In the end, this day of nostalgia has led me to one conclusion; my identity lies completely in Jesus Christ. I am not who I am because it's who people say I am. I am who I am because Jesus died for my sins and the sins of the world. I am a servant of the Lord. I serve because it is God's will in my life. I play music, write blogs, spend time with friends, spend time by myself, because it is how I am called to serve God. On the surface, I have the opportunity to create the identity that people see, but why should I create a new identity when my identity is already created? If I can alter who people see so often, then I am not living in the identity that Christ has provided. My identity in Christ is consistently loving. If I am not loving, then it's Jake and not Christ. That's no good because Christ is perfect and Jake is not.

Tuesday, October 9, 2012

Following the Spirit

Sometimes life comes at a million miles an hour. Where you are today is not where you were a year ago, a month ago, or even yesterday. Your plate was empty last week but it is certainly full today and you don't think you can handle it. Desperation sets in and you want to shut down, pack your bag, and head to the wilderness for a while until people forget that you exist and have to maintain responsibilities. What your selfish flesh once wanted has now been dumped in your lap all at once and you should be happy, but you are confused and don't know how to make decisions anymore.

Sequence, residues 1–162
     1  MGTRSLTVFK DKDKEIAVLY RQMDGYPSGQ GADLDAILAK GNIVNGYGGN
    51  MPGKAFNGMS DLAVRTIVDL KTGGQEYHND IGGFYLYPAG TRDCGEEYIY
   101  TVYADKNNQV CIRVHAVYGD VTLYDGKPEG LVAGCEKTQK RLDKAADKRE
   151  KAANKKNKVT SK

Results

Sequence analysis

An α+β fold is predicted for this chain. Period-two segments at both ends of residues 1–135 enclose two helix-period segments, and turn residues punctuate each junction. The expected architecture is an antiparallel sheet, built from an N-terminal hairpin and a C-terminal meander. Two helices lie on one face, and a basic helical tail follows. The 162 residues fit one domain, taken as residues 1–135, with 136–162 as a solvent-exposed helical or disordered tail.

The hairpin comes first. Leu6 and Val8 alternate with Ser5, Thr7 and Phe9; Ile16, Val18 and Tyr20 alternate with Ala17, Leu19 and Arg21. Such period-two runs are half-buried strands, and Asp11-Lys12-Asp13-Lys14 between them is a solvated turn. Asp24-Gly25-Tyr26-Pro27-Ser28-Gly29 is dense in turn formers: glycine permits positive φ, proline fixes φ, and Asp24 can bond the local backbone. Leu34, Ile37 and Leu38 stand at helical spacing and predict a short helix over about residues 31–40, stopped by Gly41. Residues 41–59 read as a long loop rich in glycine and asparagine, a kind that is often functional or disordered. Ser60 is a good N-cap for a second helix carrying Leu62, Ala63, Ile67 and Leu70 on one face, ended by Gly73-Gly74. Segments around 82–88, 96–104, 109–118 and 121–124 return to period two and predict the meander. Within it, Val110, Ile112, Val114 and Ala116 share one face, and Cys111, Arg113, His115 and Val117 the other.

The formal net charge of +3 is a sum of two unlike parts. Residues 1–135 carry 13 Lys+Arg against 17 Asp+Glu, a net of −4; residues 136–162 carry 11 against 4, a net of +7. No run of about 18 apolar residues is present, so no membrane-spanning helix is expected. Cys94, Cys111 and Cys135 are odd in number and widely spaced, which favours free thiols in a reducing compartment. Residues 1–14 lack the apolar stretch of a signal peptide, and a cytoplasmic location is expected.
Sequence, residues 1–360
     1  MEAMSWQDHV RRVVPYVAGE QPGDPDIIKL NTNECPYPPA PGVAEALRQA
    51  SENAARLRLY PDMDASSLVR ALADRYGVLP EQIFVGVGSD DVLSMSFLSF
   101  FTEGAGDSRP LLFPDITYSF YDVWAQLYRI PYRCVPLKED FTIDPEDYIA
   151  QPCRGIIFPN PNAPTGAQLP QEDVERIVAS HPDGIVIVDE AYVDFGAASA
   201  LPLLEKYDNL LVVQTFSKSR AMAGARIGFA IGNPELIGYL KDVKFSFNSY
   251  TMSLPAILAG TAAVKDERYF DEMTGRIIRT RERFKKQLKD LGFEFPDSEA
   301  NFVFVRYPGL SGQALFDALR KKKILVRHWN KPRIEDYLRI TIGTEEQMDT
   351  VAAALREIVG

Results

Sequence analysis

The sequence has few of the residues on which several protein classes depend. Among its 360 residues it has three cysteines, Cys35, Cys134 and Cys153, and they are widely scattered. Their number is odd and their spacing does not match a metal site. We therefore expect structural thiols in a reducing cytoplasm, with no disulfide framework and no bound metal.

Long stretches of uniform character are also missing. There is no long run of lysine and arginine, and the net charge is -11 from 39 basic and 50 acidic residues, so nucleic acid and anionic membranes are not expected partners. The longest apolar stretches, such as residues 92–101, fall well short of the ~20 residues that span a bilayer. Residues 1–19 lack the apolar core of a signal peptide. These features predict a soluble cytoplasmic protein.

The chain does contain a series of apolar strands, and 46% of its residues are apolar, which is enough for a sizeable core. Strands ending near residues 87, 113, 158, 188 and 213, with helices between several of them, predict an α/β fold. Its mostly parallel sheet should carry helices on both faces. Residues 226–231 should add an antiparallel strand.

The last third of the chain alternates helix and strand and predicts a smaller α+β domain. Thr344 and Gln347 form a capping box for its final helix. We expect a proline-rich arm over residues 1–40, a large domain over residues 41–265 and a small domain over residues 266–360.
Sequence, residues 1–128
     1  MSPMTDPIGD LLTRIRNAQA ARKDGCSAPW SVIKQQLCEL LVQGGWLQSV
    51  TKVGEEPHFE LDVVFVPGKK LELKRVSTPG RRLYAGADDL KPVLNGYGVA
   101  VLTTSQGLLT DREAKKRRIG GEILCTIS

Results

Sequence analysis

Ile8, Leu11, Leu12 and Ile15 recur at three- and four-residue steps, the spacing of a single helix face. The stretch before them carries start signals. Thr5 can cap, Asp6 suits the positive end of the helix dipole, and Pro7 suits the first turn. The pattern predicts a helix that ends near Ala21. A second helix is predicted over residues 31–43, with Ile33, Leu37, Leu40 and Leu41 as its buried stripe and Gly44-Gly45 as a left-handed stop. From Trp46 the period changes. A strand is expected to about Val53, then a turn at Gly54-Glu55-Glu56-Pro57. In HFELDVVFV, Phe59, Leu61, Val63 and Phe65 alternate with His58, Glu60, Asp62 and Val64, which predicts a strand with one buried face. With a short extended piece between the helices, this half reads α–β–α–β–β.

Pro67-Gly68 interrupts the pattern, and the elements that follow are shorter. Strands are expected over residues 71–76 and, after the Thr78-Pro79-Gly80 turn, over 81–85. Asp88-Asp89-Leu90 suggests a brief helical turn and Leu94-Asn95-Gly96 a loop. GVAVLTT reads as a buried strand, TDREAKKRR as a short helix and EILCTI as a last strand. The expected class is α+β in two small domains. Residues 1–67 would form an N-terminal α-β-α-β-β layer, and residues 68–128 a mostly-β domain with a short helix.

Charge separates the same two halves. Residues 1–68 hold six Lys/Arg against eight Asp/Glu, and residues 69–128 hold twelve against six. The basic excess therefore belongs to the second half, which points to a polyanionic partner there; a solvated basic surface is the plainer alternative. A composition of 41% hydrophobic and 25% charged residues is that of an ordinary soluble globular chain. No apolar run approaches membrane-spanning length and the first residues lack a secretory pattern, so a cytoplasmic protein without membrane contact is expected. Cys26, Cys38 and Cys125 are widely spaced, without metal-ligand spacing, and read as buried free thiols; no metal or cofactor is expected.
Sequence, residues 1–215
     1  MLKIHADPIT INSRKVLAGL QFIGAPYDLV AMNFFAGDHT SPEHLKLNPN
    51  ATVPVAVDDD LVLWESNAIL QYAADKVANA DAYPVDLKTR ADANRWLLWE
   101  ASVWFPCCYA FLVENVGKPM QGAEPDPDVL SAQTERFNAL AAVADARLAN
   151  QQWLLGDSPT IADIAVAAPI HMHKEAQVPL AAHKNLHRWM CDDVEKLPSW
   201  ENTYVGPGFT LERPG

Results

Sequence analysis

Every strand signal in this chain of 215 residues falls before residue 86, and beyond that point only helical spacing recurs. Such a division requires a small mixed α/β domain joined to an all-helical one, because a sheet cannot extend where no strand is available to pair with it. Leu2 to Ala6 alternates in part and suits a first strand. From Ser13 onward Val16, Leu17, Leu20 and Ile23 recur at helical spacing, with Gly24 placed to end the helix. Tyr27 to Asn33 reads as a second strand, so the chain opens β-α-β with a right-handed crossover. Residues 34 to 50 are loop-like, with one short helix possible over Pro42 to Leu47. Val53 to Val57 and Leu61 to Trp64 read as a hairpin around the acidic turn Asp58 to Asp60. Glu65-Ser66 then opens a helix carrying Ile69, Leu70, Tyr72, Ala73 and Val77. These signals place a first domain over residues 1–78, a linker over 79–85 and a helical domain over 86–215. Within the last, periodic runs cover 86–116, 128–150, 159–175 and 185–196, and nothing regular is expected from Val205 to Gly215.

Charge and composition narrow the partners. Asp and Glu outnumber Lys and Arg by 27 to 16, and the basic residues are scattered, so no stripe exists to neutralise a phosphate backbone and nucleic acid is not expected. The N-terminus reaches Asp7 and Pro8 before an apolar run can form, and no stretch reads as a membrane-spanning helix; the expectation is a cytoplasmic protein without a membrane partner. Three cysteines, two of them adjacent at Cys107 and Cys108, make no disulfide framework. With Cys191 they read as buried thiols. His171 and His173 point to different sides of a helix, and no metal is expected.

Weren't these good things that you wanted? Attention, opportunities, responsibilities? Your selfish desires have resulted in an overwhelming scenario that you can't handle. What's worse, you haven't been provided the OTHER good things that you also wanted. "Why now?" you wonder. And, "how do I get those other things like money or time, because they will surely make this journey simpler?"

It's times like these when God has given us what we need, not what we want, and we must seek the Holy Spirit to guide us through. When we feel overwhelmed, it's because we are trying to accomplish things on our own and not relying on the Spirit to carry us through. We cannot complete anything on our own. God is the only one who can. When we seek the Spirit, things get completed, our selfish desires seem less important, and the Lord is served in ways that we couldn't think of serving on our own. So today, take a moment to seek God in the confusion and chaos. He's provided these things because He wants us to seek his guidance in using them for His glory.